Peer effects and social preferences in voluntary cooperation: A theoretical and experimental analysis

Gaechter, Simon (2017). Peer effects and social preferences in voluntary cooperation: A theoretical and experimental analysis. [Data Collection]. Colchester, Essex: UK Data Archive. 10.5255/UKDA-SN-852822

This network project brings together economists, psychologists, computer and complexity scientists from three leading centres for behavioural social science at Nottingham, Warwick and UEA. This group will lead a research programme with two broad objectives: to develop and test cross-disciplinary models of human behaviour and behaviour change; to draw out their implications for the formulation and evaluation of public policy. Foundational research will focus on three inter-related themes: understanding individual behaviour and behaviour change; understanding social and interactive behaviour; rethinking the foundations of policy analysis. The project will explore implications of the basic science for policy via a series of applied projects connecting naturally with the three themes. These will include: the determinants of consumer credit behaviour; the formation of social values; strategies for evaluation of policies affecting health and safety. The research will integrate theoretical perspectives from multiple disciplines and utilise a wide range of complementary methodologies including: theoretical modeling of individuals, groups and complex systems; conceptual analysis; lab and field experiments; analysis of large data sets. The Network will promote high quality cross-disciplinary research and serve as a policy forum for understanding behaviour and behaviour change.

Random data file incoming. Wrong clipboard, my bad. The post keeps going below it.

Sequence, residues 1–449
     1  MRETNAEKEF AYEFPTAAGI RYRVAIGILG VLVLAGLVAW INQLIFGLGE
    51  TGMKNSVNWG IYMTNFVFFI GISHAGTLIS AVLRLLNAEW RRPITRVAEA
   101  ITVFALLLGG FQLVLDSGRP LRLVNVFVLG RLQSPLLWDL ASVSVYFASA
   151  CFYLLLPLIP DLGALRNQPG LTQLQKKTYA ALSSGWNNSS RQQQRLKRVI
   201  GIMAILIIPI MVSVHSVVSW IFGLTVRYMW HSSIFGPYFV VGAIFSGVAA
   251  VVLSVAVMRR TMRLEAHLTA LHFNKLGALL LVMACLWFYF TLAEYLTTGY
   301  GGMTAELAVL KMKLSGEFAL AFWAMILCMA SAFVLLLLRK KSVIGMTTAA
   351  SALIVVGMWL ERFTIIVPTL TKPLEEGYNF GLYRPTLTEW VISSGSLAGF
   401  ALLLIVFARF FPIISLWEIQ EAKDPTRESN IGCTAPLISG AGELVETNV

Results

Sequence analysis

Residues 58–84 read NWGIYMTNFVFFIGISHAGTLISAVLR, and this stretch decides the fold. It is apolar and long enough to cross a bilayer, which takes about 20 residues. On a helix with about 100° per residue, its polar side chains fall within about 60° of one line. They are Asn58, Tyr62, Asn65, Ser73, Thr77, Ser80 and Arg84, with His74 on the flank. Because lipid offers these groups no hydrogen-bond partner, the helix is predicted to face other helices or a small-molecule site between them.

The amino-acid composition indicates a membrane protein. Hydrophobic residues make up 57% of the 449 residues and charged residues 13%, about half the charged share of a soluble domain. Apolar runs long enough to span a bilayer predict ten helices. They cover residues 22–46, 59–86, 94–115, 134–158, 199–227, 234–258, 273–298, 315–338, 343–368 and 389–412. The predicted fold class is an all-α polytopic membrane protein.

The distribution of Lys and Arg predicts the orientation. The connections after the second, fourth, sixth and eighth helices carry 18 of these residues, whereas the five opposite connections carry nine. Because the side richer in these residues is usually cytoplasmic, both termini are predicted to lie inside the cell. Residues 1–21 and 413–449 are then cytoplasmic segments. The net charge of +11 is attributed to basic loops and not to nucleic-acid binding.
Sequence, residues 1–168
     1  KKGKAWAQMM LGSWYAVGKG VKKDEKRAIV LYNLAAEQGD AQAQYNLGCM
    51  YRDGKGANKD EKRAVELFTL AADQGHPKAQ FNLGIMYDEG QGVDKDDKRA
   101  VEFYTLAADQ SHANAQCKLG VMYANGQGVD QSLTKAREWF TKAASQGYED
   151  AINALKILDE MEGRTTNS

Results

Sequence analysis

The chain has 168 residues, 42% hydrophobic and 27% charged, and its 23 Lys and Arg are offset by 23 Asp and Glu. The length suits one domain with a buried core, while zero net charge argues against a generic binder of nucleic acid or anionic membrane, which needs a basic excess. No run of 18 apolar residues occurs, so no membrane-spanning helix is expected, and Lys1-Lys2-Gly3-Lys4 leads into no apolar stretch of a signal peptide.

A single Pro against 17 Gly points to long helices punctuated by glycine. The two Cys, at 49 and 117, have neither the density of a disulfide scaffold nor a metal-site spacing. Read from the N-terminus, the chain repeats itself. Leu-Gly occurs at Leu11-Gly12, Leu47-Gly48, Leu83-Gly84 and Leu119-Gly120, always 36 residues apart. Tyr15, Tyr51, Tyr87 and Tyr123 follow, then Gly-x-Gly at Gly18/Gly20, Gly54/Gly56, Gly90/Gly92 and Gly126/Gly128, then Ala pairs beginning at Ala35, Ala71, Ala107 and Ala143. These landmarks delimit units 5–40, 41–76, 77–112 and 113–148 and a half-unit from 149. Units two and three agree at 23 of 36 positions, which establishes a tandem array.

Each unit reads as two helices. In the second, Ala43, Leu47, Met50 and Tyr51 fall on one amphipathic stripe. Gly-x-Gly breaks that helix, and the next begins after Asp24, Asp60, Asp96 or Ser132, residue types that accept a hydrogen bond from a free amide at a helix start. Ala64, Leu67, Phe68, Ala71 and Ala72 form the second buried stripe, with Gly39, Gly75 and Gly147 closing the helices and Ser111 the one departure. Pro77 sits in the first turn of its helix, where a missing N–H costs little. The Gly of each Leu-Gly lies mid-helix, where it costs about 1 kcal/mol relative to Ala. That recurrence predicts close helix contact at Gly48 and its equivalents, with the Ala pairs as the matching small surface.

Data description (abstract)

Social preferences and social influence effects (“peer effects”) are well documented, but little is known about how peers shape social preferences. Settings where social preferences matter are often situations where peer effects are likely too. In a gift-exchange experiment with independent payoffs between two agents we find causal evidence for peer effects. Efforts are positively correlated but with a kink: agents follow a low-performing but not a high-performing peer. This contradicts major theories of social preferences which predict that efforts are unrelated, or negatively related. Some theories allow for positively-related efforts but cannot explain most observations. Conformism, norm following and social esteem are candidate explanations.

Data creators:
Creator Name Affiliation ORCID (as URL)
Gaechter Simon University of Nottingham
Name Affiliation ORCID (as URL)
Thoeni Christian University of Lausanne
Sponsors: Economic and Social Research Council
Grant reference: ES/K002201/1
Topic classification: Economics
Keywords: social preferences, voluntary cooperation, peer effects, reflection problem, gift-exchange, conformism, social norms, social esteem, experiments
Project title: Network for Integrated Behavioural Science
Grant holders: Chris Starmer, Nick Chater, Daniel John Zizzo, Gordon Brown, Anders Poulsen, Martin Sefton, Neil Stewart, Uwe Aickelin, Robert Sugden, John Gathergood, Graham Loomes, Enrique Fatas, Abigail Barr, Robin Cubitt, Shaun Hargreaves-Heap, Daniel Read, Robert MacKay, Theodore Turocy, Simon Gaechter
Project dates:
31 December 201230 September 2017
Date published: 27 Nov 2017 13:30
Last modified: 27 Nov 2017 13:30

Available Files



Read me


data downloads and page views since this item was published

View more statistics


Edit item (login required)

Edit Item Edit Item